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How Managers Undermine Employee Performance

Employee Performance

Are you working in an organization where managers know how to motivate people? Are managers held accountable for listening to their employees and addressing any complaints?

I coach a number of managers who consistently complain about certain employees, but don’t take the time or make the effort to address any underlying concerns. Effective managers listen to their employees, and are open to any feedback that will improve work place performance.

Spend enough time in meetings or the executive lunchroom, and you’re destined to hear your fair share of managers’ complaints about their employees.

But as these leaders vent their frustrations, they’re actually looking in the wrong direction.

Here’s the real truth: If employees aren’t motivated, then we should look to their managers and organizational practices. Those who dismiss their teams’ grievances can sabotage staff performance and bottom-line results.

If you want your employees to perform to their best abilities, take some advice from organizational behavior expert Stephen P. Robbins, PhD, author of The Truth about Managing People (FT Press, 2007).

Contrary to much of the misleading, generalized and inconsistent information found in business books, Robbins has researched human behavior and provides practical advice on what works—and what doesn’t—when managing a team.

As Robbins points out, traditional workplace incentives and disincentives function as cues for employee decision-making:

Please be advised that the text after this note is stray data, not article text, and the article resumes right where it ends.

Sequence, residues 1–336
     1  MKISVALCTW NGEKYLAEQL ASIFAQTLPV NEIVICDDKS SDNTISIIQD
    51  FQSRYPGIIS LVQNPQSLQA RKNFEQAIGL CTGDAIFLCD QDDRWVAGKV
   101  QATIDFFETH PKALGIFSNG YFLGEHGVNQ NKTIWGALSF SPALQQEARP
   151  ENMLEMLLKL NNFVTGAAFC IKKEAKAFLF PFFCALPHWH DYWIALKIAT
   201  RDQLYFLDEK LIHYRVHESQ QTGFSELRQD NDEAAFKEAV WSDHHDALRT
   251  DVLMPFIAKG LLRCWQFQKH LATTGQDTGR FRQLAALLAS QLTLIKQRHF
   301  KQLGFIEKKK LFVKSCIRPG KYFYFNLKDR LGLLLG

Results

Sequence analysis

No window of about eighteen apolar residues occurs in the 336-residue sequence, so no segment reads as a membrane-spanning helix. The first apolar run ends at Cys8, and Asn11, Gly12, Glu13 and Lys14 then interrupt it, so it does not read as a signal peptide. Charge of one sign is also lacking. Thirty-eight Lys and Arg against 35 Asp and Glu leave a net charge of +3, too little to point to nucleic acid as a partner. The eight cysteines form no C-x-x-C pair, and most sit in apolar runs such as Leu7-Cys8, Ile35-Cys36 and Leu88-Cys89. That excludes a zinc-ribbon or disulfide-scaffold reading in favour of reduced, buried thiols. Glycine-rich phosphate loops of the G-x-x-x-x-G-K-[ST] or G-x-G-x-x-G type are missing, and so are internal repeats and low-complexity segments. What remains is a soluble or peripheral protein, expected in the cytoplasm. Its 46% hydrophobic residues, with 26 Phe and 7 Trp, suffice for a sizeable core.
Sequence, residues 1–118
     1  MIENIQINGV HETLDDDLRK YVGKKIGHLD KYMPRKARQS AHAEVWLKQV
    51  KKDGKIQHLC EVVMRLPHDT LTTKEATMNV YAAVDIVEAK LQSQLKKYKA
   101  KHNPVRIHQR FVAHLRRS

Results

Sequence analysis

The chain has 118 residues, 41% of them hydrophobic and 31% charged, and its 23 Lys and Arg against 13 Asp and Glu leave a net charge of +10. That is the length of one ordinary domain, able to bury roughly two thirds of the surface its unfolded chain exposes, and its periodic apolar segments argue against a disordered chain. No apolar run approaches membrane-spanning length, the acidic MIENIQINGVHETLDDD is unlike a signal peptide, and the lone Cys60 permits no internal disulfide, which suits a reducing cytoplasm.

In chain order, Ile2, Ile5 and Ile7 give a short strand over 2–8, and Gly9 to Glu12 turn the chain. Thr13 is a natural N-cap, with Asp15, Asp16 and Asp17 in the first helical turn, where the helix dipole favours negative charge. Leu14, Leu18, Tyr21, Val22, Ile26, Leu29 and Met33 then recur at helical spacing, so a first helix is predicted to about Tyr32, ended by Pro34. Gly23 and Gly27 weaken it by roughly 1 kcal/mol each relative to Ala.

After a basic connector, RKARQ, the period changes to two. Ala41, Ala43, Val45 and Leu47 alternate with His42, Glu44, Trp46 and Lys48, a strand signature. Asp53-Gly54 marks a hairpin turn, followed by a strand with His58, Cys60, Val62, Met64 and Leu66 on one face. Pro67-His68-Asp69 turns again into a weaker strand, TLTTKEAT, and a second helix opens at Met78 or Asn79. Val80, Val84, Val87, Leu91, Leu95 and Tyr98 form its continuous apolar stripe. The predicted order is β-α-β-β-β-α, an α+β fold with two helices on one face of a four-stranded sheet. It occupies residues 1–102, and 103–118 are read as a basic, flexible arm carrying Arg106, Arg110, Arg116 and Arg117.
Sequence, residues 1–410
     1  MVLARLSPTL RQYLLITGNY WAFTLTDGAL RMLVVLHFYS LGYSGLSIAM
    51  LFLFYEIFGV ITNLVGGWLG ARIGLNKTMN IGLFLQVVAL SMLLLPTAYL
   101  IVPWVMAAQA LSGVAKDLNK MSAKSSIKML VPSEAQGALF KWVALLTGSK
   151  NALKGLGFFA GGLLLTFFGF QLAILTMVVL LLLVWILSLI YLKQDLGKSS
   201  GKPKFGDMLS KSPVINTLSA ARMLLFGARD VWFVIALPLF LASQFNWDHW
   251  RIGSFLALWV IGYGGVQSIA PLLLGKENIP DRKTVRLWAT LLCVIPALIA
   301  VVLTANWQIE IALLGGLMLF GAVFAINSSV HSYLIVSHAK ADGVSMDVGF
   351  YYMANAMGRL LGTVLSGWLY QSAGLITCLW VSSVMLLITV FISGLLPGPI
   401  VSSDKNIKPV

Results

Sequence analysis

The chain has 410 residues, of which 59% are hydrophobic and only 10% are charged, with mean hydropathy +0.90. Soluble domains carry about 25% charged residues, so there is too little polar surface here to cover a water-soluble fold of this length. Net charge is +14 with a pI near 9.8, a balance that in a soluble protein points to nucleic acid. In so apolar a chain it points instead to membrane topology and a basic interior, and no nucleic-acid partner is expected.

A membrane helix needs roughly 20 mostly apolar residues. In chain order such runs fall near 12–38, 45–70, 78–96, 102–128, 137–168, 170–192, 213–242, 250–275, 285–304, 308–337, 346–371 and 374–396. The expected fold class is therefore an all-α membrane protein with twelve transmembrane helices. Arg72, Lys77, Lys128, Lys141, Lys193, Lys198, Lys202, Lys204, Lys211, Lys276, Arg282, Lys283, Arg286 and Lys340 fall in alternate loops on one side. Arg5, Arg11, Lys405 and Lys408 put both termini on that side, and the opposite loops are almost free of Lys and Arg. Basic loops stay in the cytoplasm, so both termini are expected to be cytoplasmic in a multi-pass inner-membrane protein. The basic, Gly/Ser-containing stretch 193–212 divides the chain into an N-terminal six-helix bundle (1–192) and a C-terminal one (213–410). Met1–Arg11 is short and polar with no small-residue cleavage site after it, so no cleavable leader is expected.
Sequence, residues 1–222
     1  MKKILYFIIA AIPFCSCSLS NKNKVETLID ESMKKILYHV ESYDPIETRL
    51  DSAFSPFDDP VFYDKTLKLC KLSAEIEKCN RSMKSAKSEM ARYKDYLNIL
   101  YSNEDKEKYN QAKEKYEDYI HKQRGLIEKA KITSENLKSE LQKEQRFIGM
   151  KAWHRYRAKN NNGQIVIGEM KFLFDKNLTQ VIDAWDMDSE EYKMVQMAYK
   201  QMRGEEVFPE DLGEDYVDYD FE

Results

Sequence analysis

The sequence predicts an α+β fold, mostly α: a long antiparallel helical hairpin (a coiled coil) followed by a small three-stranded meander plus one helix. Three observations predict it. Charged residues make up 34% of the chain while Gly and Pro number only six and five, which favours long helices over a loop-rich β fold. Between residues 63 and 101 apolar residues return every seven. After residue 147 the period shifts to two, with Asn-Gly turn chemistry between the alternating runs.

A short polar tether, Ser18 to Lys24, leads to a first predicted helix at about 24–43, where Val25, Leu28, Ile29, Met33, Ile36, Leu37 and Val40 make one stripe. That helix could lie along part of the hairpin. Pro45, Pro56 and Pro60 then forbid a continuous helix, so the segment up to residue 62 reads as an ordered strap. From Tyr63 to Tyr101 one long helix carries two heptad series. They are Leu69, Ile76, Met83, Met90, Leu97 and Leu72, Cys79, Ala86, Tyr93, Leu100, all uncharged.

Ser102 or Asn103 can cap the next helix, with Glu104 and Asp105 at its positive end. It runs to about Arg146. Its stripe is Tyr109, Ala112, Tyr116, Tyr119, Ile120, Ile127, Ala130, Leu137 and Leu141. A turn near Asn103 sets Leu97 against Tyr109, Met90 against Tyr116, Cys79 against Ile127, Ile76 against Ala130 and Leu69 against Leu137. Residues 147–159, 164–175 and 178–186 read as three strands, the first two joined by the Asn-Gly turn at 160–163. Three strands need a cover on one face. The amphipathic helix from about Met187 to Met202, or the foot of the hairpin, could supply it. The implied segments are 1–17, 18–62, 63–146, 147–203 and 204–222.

•  “Do ____, and you'll get a bonus.”
•  “Don't do ____, or you'll get fired.”

This approach discourages employees from examining the reasons why a task may or may not make sense. It forces them to make quick, intuitive decisions based on behaviors the system has historically rewarded and punished. But there are sometimes uninvited consequences.

Are you working in a professional services firm or other organization where executive coaches provide leadership development for leaders at all levels? Does your organization provide executive coaching to help leaders improve their ability to motivate employees to improve performance? Enlightened leaders need to improve their emotional intelligence and social intelligence skills.

One of the most powerful questions you can ask yourself is “Am I able to motivate people to perform at high levels?” Emotionally intelligent and socially intelligent organizations provide executive coaching for leaders to improve their ability at motivating their workforce.

Working with a seasoned executive coach and leadership consultant trained in emotional intelligence and incorporating assessments such as the Bar-On EQ-I, CPI 260 and Denison Culture Survey can help you learn how to tap into peoples’ passion. You can become a leader who models emotional intelligence and social intelligence, and who inspires people to become fully engaged with the vision, mission and strategy of your company or law firm.

About Dr. Maynard Brusman

Dr. Maynard Brusman is a consulting psychologist and executive coach. He is the president of Working Resources, a leadership consulting and executive coaching firm. We specialize in helping San Francisco Bay Area companies and law firms assess, select, coach, and retain emotionally intelligent leaders.  Maynard is a highly sought-after speaker and workshop leader. He facilitates leadership retreats in Northern California and Costa Rica. The Society for Advancement of Consulting (SAC) awarded Dr. Maynard Brusman "Board Approved" designations in the specialties of Executive Coaching and Leadership Development.

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